NVIDIA: “Consoles Need to Find A Way to Stream” to Compete
Cloud gaming may just replace consoles one day.
NVIDIA’s GeForce GRID allows you to stream games straight to your tablet, smartphone, or TV, much like how you stream movies. So not only can you play games without having to buy a console, but you’re also getting PC-quality graphics.
My main concern with the concept was latency. Trying the GRID out at E3 2012, my play experience was smooth, with no discernible delay between input and execution. But what kind of internet connection was needed?
Speaking with Game Front, NVIDIA’s Jason Paul, GeForce Product Marketing Director, weighed in.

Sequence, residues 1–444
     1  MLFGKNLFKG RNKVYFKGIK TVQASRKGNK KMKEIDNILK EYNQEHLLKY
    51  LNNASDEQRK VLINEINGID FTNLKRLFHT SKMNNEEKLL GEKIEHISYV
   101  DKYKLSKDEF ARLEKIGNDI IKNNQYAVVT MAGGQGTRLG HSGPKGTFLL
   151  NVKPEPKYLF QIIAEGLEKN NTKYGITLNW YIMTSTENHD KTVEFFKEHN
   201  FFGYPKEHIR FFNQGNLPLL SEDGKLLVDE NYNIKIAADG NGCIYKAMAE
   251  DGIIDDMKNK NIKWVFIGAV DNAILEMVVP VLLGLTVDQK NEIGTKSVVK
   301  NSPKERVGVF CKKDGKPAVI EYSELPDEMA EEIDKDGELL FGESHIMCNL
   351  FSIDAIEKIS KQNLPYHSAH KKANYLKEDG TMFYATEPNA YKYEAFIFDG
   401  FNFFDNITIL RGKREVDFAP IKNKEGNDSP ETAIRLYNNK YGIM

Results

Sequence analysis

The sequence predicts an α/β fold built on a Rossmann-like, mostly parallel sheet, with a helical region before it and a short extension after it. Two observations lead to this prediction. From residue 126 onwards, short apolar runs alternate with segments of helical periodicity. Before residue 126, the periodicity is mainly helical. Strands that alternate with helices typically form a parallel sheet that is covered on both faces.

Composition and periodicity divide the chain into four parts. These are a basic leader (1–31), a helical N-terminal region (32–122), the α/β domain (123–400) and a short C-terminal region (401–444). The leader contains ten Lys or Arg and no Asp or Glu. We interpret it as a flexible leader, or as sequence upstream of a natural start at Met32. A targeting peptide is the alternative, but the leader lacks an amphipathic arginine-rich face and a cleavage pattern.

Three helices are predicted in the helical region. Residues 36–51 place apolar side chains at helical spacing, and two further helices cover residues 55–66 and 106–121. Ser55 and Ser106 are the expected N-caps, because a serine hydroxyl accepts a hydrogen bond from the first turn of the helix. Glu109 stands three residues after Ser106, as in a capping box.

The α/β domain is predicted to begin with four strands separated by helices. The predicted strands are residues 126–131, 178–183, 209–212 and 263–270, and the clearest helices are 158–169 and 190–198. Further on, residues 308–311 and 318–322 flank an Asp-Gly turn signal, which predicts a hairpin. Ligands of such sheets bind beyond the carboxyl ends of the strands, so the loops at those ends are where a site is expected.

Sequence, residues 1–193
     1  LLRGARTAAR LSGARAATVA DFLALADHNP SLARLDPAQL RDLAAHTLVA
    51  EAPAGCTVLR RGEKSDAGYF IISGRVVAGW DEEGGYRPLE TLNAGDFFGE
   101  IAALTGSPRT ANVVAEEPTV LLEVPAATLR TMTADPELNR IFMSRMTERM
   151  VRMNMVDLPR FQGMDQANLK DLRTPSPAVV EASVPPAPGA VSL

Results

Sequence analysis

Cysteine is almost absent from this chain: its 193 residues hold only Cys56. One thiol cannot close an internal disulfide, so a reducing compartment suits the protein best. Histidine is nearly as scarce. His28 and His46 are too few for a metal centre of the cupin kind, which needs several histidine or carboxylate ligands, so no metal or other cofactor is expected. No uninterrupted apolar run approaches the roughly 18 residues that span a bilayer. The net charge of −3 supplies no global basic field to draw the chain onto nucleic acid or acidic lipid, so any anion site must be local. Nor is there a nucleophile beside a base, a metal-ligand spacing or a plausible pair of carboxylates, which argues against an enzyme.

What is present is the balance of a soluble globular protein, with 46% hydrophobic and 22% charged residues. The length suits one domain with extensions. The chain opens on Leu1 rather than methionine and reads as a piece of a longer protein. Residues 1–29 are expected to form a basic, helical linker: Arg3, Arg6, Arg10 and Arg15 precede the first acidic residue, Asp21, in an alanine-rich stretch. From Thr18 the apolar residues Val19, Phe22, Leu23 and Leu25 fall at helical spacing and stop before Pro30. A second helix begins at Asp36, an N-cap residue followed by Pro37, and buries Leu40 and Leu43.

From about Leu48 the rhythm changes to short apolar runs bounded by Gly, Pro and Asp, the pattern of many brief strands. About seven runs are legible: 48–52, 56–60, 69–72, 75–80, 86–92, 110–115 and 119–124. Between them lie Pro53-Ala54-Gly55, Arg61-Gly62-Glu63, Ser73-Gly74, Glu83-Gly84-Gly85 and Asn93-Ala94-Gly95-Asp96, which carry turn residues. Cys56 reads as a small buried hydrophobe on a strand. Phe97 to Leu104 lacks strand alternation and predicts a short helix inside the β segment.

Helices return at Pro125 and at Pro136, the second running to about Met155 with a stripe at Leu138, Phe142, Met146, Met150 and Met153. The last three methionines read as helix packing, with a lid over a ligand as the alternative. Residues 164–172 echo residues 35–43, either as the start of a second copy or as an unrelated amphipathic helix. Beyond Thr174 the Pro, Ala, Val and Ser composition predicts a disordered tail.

“The base requirement is 5 Mbit/s,” Paul said, “which I think, for most of the US and northern and western Europe, is pretty readily accessible. There are certainly going to be areas around the world where that is not going to be available. But I think it’ll be like wireless network or cell coverage, where it improves and expands over time to where you have pretty good, prolific coverage, and streaming is pretty viable in markets around the world. But it’ll take some time to develop.”
When asked if he believes cloud gaming technology like the GeForce GRID will replace consoles, Paul offered a tacit affirmation: “Consoles will need to find a way to stream.”
We also asked Paul for his take on whether or not PC gaming is dying.
“Developers would be leaving too much on the table if they stopped developing for PC,” Paul said. “Skyrim has high-definition mods. Arkham City on PC makes use of DirectX 11. Developers recognize what the PC has to offer; Battlefield 3 was designed for PC, then ported to console.”
Do you think streaming can replace consoles?